Lacerta Bio is a business development consultancy specializing in identifying, assessing, negotiating, and closing licensing and partnership opportunities for the pharmaceutical, biotechnology, and drug delivery industries.
We also work with and support internal business development teams with market research, competitive intelligence, financial modeling, and other support services.
If you need assistance finding or assessing business development and/or partnership opportunities, contact us at firstname.lastname@example.org.
Lacerta Bio is seeking both parenteral and ophthalmic (topical) products for in-licensing on behalf of a US-based client. Key criteria are: > Products which can be developed via the 505(b)(2) regulatory process in the US > No specific therapeutic area or indication > Injectable could be infusion, prefilled syringe, or related presentation > Ophthalmics areRead More»
Our client has a Preclinical, highly selective mTOR 1/2 inhibitor available for licensing. This compound is a truly selective inhibitor of both mTORC1 and mTORC2, without PI3K activity or toxicity. With an excellent projected safety profile & oral administration, a number of indications within and outside oncology are possible. For more information, contact us via email by clicking on the linkRead More»
Our European client has developed a series of novel, patented salt forms of the most popular NSAIDS on the market (ibuprofen, naproxen, etc.). Clinical data demonstrates three important properties of these new compounds: Enhanced Safety – In multiple clinical studies, our client has shown that these novel salt forms have lower rates of severeRead More»
We believe this is unsustainable, as employee direct and associated costs are a major portion of healthcare spending.
Depending on your point of view, this trend is ripe for disruption and value creation, or under threat of attack from technologies.
But which ones? And in which areas? Here are a few:
Distribution & Logistics: Online retailers are absolute masters of product sourcing, logistics, and distribution. Check out this video on Amazon’s Robots for an example…very few employees in sight:
Drug warehouses are no different. Their application of robotics and automation is just as impressive.
However, our industry will continue to push this trend of replacing employees with robots and computers.
How long will it be before drug products are robotically loaded onto self-driving cars and trucks, and delivered directly to pharmacies for patient receipt?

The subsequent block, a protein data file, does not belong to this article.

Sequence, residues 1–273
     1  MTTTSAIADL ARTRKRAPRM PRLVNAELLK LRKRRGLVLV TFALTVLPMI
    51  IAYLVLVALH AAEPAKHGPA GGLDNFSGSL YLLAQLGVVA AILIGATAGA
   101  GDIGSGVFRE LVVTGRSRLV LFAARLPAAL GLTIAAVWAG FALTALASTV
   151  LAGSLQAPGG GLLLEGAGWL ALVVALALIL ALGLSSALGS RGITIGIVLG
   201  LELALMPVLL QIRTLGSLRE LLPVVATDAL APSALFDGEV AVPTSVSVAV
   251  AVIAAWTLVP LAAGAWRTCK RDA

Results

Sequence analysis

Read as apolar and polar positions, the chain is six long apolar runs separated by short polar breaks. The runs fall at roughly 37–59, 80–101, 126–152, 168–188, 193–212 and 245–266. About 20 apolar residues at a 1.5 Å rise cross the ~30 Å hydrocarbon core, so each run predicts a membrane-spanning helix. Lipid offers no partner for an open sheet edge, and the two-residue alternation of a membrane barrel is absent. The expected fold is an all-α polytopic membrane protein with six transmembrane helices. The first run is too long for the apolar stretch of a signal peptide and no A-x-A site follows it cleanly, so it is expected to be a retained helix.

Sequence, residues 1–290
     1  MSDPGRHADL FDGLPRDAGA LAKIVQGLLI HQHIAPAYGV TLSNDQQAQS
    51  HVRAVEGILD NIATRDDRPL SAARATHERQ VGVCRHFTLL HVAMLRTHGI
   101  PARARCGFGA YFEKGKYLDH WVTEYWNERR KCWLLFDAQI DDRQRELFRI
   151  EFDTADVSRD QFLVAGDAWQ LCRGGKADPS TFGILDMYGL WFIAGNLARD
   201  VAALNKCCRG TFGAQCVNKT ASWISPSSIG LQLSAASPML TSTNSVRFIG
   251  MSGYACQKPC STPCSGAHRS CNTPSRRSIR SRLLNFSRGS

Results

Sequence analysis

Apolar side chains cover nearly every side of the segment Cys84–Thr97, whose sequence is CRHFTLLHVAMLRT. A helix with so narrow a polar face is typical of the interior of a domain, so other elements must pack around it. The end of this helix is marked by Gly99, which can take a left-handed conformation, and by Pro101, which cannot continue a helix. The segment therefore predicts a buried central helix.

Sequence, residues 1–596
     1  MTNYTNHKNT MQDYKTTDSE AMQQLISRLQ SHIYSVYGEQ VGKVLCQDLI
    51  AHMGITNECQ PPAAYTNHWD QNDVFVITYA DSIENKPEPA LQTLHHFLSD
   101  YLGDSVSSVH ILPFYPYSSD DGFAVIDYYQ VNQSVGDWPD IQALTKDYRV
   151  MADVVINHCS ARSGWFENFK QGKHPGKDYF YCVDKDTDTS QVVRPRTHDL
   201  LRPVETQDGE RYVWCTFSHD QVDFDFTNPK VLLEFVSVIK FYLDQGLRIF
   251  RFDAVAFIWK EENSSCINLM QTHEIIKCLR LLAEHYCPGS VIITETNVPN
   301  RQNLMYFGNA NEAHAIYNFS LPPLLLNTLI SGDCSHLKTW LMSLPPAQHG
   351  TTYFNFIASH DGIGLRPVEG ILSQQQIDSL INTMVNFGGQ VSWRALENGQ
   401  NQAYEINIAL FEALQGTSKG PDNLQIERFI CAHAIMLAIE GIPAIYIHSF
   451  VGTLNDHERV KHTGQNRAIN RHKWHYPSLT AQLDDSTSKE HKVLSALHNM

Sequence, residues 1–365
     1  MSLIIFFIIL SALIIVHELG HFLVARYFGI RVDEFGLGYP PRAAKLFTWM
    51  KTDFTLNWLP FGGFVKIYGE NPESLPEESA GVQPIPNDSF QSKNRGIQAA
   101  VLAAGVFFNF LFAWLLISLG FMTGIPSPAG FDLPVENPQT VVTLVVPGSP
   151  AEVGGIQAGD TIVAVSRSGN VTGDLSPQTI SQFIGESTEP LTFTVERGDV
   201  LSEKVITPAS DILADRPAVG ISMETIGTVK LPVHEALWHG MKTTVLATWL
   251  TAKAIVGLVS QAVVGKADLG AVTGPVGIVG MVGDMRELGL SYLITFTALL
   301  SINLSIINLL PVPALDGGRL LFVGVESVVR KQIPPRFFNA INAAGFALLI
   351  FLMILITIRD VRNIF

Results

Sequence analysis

Or flown via drone directly to patients’ homes?
The technology is here already. It’s perhaps a question of time, investment, and regulatory change.
Blockchain – When most people hear “blockchain,” they think cryptocurrency, like BitCoin.
However. the underlying distributed blockchain database paradigm can be applied to any series of transactions.
Medical records is an obvious place where the application of blockchain can increase efficiency and security. Indeed, there is no reason why, in 2018, we should be filling out paper forms and making photocopies of insurance cards whenever we visit a new physician.
Regulatory filings could be processed much more quickly using blockchain. Imagine an FDA approval in a few days after an NDA submission?
How many FDA employees wold pay the price for this?
Artificial Intelligence – Here is a term which gets batted around quite a bit in our industry. Defining it and its many applications is a challenge. However, what is abundantly clear is that machine learning and decision margin has the potential to accelerate drug discovery and development.
Indeed, combining all three of these categories would do wonders for drug development, accelerating clinical trials, accelerating regulatory processes, and saving money.
It’s the “saving money” bit that important when looking at it from a labor perspective. What does “saving money” mean?
Two things…first, the investment that is not made, i.e., due to an early tox signal, is an investment that can be made in another area.
But second, it also means the employees who are replaced by all of these robots and blockchains and smart machines…machines who do not have to eat, pay mortgages, or save for retirement.
One problem with all of this is the sheer size and complexity of our healthcare system. Thus, this process will likely proceed very slowly. Indeed, Amazon’s potential entry into drug distribution is a relative small step in the entire value chain.
However, where there is complexity and overhead, there will be companies with automation and software solutions which reduce costs and accelerate transactions.
It’s happened in retail and other sectors, and healthcare will not be any different.
Deloitte recently published their annual report on returns generated by big pharma from their R&D investments. The PDF report is available here. The report is divided into two sections. The first is an analysis of data from “12 large cap companies,” and focused on R&D spending and sales. The report is generally well written,
As a pharmaceutical scientist, the concept of “synthetic biology” sounds somewhat oxymoronic. It’s true that our industry has been manipulating genes and cells to produce peptides, proteins, and other drugs/intermediates for decades. But how about creating a cell line to make leather? Or clothing? Or building insulation? Synthetic biology makes these ideas possible. The
What did we find interesting about 2017? What will happen in 2018? Our brief video summarizes our thoughts on the year that’s coming to a close, and also discusses what to keep an eye on in 2018.